Prosthesis-related Factors

Although there are no published randomized clinical trials which directly prove crown design is linked to peri-implantitis, it has long been established that inadequate subgingival margins of crowns change the microflora and lead to inflammation around natural teeth.  It is intuitive that the same principles should apply when considering crown design on dental implants to minimize the likelihood of peri-implant disease (Figure 4A, 4B, and 4C).26,27

Figure 4A.
Image: Poorly contoured temporary restoration with plaque retentive surfaces covered with biofilm.
Poorly contoured temporary restoration with plaque retentive surfaces covered with biofilm.
Figure 4B.
Image: Mucositis, associated with temporary in the mouth. Note color change and rolled gingival margin versus gingival color and contour of the adjacent natural tooth.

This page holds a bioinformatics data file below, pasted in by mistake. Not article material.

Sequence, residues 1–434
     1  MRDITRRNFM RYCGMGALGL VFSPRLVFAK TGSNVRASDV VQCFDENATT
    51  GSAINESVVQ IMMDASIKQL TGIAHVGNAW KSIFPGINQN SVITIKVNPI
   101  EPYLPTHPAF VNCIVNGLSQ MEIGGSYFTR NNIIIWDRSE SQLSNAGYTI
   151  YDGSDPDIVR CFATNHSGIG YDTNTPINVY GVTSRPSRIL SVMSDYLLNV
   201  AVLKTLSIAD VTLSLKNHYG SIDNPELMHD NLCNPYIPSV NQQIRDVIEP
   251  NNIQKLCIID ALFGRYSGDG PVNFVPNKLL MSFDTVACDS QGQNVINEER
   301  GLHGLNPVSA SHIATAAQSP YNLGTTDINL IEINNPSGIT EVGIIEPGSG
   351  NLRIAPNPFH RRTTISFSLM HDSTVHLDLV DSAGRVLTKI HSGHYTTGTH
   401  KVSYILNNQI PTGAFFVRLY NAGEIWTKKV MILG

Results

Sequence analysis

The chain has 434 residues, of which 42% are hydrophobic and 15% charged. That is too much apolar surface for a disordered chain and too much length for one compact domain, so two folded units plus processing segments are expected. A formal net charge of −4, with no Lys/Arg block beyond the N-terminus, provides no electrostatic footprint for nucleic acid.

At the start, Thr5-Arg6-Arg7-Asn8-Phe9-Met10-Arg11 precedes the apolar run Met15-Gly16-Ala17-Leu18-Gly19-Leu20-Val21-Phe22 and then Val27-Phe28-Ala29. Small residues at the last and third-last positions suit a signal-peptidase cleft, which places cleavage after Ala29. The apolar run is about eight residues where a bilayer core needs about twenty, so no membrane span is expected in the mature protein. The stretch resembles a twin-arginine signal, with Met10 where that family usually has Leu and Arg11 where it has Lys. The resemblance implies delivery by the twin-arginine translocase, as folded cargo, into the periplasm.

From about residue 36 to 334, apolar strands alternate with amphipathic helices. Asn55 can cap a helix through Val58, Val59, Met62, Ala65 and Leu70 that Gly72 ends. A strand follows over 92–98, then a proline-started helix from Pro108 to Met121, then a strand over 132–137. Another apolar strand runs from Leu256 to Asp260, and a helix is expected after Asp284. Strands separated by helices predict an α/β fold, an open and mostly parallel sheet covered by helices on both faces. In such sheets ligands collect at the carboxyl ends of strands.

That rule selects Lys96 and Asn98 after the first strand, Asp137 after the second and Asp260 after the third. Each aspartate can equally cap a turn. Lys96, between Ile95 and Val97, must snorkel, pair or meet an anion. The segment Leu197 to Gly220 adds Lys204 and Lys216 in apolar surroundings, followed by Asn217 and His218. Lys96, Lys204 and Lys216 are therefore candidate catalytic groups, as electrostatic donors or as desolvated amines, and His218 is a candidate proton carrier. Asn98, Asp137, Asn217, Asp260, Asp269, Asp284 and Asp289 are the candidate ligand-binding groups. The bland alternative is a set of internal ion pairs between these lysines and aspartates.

Mucositis, associated with temporary in the mouth. Note color change and rolled gingival margin versus gingival color and contour of the adjacent natural tooth.
Figure 4C.
Image: Note thickened gingival margins after removal of temporary.
Note thickened gingival margins after removal of temporary.

Cone Beam CT prior to implant placement facilitates optimal placement of the soft tissue component of the fixture, i.e., the coronal most portion of the dental implant with a 1.8 mm polished collar, so that the implant shoulder and crown margin are located close to the mucosal surface. Non-submerged implant fixtures with passive fits to the other components, should minimize irritation to adjacent soft tissue.

Residual cement associated with temporary or permanent crown placement on a dental implant may irritate the surrounding soft tissues, contribute to poor plaque control directly or by creating a rough surface, and promote bacterial plaque formation.28 Accumulation of biofilm, in turn, triggers soft tissue inflammation, which if unchecked progresses to peri-implantitis.